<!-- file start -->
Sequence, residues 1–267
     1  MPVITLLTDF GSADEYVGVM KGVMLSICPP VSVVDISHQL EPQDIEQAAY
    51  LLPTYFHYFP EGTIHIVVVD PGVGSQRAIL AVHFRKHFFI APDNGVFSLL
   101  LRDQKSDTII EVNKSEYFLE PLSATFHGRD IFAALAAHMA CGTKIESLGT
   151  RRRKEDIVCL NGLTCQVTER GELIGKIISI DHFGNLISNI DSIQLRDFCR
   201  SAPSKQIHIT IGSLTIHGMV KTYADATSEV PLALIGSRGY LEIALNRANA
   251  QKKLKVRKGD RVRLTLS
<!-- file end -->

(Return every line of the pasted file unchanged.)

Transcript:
Sequence, residues 1–267
     1  MPVITLLTDF GSADEYVGVM KGVMLSICPP VSVVDISHQL EPQDIEQAAY
    51  LLPTYFHYFP EGTIHIVVVD PGVGSQRAIL AVHFRKHFFI APDNGVFSLL
   101  LRDQKSDTII EVNKSEYFLE PLSATFHGRD IFAALAAHMA CGTKIESLGT
   151  RRRKEDIVCL NGLTCQVTER GELIGKIISI DHFGNLISNI DSIQLRDFCR
   201  SAPSKQIHIT IGSLTIHGMV KTYADATSEV PLALIGSRGY LEIALNRANA
   251  QKKLKVRKGD RVRLTLS